America is not a nation of great nuance. We like loud music, louder cars, and pumpkin spice lattes. Intensities attract attention, which is a guiding principle for the country’s approach to IPA production. Over the last decade, IPAs grew stronger and hazier with ever-larger doses of the latest fruity and tropical hops. Upping hop quantities delivered bigger flavors and fragrances, and customers happily paid for aromatic oomph.
The wins—lines for $20 four-packs at taprooms—came with efficiency losses. Hops are sponges that soak up beer. More hops? Less finished beer. “You get more intensity by adding more hops, but at a certain point it’s really not efficient,” says Stan Hieronymus, the author of For the Love of Hops.
As the price of raw materials, labor, and utilities increase, breweries are rethinking their more-is-better approach. “We’re way past the heyday of craft where you can hop with 10 pounds per barrel and lose 50 percent of your beer,” says Phillip Chou, the director of brewing solutions for John I. Haas, a hop products supplier in Yakima, Washington.
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Breweries seeking cost savings, increased yield, and intense aromas in their IPAs are turning to a growing number of high-tech innovations. Brewers are fermenting beers with genetically modified yeast strains, as well as embracing cryogenically concentrated hops additives that might create consistently hazy beer or deliver a cleaner bitterness. Brewing advances are no longer about developing another novel hop variety. “There’s been a huge acceleration in the space of efficiency,” says Blake Crosby, the CEO of Crosby Hops in Woodburn, Oregon. “It’s a little bit of the Wild West.” Welcome to the fast-evolving frontier of science and hoppy beer.
Hop Innovations Deliver Better Yield
America’s craft brewing industry partly built its reputation on simplicity. With just water, grains, hops, and yeast, breweries transformed four ingredients into worlds of uncharted flavor. Extracts, enzymes, and other science-lab hacks were reserved for multinational Goliaths, not the Davids brewing up businesses in old warehouses. Now that craft breweries are comfortable making hard seltzers and experimenting with every conceivable culinary ingredient, and start-up breweries have expanded into competitive regional and national players, some breweries are rethinking that recipe formulation.
“We have customers that would never have considered using something other than a pellet or a whole-cone hop,” says Chou. (Hops are commonly dried, pulverized, and pelletized, looking like rabbit food.) “Now those same customers are willing to talk about extract-based products for making beer.”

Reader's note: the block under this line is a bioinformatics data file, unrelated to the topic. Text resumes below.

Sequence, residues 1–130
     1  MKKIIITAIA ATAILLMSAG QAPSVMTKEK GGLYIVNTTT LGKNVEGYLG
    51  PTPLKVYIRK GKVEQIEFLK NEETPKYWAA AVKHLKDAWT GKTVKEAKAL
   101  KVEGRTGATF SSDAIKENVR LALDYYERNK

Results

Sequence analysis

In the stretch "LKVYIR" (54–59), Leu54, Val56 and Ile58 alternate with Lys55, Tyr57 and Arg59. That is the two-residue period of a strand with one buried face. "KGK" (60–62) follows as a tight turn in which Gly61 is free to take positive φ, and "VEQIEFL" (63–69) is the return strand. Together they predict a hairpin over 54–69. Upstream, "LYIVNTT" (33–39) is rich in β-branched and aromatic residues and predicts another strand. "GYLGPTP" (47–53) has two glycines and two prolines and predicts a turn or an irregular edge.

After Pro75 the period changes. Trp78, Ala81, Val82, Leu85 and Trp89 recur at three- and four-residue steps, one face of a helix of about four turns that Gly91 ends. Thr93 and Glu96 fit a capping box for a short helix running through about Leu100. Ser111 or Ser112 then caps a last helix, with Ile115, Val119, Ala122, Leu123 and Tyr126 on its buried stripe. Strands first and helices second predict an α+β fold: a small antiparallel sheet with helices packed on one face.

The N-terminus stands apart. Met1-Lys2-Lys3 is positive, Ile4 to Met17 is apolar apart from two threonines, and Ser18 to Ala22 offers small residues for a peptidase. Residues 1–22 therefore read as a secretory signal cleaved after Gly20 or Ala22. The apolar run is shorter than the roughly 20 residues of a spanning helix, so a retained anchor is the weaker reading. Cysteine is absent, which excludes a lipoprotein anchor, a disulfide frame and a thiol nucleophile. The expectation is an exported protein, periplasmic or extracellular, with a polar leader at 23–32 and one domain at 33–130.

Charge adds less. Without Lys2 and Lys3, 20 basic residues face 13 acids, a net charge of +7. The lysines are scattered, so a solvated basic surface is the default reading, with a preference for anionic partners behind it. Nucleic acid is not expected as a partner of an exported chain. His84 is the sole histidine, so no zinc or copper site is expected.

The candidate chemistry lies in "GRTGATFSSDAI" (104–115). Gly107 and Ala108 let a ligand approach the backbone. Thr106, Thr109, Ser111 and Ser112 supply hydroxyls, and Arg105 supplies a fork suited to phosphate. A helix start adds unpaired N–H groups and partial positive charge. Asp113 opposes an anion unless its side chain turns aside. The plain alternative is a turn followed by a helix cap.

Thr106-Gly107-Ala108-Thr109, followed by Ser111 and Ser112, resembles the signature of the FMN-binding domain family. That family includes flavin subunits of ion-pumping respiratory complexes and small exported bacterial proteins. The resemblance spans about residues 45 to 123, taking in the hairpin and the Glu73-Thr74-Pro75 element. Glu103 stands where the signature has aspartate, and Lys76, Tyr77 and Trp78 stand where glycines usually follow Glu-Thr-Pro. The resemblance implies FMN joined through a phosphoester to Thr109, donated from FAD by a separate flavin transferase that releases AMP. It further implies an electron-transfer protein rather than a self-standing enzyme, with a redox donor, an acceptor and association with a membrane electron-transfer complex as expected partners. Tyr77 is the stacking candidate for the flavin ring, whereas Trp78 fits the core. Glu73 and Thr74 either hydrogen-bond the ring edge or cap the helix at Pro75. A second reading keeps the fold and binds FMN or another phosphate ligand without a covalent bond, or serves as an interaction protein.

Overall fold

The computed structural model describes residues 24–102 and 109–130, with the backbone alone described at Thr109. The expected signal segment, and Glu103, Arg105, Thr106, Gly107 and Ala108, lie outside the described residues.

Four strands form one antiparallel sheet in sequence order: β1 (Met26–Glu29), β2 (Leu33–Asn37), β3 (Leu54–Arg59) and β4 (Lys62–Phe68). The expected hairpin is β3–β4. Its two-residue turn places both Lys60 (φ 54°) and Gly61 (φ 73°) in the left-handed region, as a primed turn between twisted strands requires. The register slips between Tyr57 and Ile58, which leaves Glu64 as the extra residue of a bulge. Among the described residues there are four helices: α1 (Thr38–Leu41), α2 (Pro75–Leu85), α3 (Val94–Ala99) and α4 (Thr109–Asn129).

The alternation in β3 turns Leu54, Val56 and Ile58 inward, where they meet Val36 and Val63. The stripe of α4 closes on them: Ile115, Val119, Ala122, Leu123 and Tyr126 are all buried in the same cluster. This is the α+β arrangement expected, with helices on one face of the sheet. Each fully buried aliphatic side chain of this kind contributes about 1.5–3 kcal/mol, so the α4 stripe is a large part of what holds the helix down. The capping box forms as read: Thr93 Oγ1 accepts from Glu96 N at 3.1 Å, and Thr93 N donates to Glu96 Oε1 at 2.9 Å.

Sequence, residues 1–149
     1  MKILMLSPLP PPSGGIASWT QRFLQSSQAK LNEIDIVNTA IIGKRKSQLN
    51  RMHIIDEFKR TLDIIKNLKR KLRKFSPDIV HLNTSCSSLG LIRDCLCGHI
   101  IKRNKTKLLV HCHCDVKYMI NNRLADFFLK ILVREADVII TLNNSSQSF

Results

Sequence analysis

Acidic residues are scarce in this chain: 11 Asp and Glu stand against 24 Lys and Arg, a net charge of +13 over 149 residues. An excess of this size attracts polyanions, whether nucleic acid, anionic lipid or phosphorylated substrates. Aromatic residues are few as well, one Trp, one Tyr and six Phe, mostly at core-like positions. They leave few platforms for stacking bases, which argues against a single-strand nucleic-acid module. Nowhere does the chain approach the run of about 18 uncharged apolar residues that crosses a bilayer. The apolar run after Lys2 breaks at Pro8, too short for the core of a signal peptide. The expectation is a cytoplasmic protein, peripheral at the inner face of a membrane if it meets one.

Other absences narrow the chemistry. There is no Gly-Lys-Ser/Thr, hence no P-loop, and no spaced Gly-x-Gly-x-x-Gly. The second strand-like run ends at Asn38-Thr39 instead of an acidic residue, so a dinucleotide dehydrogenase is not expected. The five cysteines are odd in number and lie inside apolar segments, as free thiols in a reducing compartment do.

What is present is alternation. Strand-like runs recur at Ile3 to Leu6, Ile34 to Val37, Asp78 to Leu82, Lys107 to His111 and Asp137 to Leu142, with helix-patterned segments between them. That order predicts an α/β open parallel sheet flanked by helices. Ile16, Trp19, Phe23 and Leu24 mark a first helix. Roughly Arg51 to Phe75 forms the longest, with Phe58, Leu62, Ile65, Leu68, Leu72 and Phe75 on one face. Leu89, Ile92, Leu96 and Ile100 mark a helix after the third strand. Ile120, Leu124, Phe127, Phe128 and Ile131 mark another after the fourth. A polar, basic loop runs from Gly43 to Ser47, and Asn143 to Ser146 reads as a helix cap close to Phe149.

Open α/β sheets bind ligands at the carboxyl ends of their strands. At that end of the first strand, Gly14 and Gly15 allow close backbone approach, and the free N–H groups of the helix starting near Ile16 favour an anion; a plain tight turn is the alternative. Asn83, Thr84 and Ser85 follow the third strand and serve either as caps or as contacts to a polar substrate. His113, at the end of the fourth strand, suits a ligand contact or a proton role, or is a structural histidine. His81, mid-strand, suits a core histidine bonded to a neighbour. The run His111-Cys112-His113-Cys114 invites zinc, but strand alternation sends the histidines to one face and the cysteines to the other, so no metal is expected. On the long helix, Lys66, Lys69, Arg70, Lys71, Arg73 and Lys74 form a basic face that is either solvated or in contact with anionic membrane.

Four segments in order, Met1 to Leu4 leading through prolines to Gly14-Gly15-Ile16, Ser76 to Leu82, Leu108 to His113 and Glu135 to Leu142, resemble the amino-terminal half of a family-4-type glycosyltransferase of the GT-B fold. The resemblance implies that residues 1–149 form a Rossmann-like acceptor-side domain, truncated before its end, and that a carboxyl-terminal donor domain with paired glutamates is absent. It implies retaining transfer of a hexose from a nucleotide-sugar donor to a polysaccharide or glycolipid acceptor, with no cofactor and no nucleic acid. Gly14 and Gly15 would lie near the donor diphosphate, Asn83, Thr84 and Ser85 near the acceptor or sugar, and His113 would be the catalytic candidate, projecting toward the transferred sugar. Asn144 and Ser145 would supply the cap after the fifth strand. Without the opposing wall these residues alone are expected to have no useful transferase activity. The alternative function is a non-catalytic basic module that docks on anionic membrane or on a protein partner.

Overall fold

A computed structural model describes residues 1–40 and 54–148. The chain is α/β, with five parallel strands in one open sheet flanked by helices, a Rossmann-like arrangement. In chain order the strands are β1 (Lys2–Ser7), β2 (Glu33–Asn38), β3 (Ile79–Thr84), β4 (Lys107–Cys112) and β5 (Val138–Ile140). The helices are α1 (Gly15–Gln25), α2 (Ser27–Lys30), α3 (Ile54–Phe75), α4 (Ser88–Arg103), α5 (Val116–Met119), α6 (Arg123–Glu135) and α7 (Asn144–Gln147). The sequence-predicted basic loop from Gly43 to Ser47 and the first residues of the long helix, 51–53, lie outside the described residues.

Hops’ central lupulin glands, which contain the essential oils, resins, and acids that lend beers their scents, are surrounded by leafy matter that can contribute a grassy, vegetal character. Like many suppliers, John I. Haas has developed products that break the hop into constituent parts that efficiently deliver flavor, bitterness, and other beneficial attributes. HopHaze can help beers keep a cloudy outlook, while Flex is a flowable bittering product. Lupomax delivers concentrated versions of popular hop varieties, such as Citra and Mosaic, minus any potential astringency.
“Anything that can give you better yield, along with better flavor, is kind of a no-brainer,” says Jeremy Moynier, the senior manager of brewing and innovation at Stone Brewing in Escondido, California.
Cryogenic Freezing Helps Hops
To deliver maximum aroma, hop suppliers are increasingly turning to a cryogenic freezing process. In a nutshell: Liquid nitrogen is used to separate a hop’s leaf from its lupulin gland, which is compressed into pellets. A cryogenic hop product can “give you an extra pop,” says Hieronymus.
Yakima Chief Hops in Yakima, Washington, pioneered the process with its Cryo Hops sold in single varieties and blends such as Cryo Pop. Freestyle Hops in New Zealand sells SubZero Hop Kief made from native hops like Nelson Sauvin. And this January, Crosby Hops released its version of cryogenically frozen hops, CGX.
Big fragrances aren’t the only benefit. Brandon Capps, the founder and head brewer of New Image Brewing in Arvada, Colorado, regularly makes IPAs with cryo products. The concentrated pellets deliver savings on shipping, a steadily increasing expense. “It behooves us to figure out how to get extra yield and reduce our cost of goods without compromising quality,” says Capps.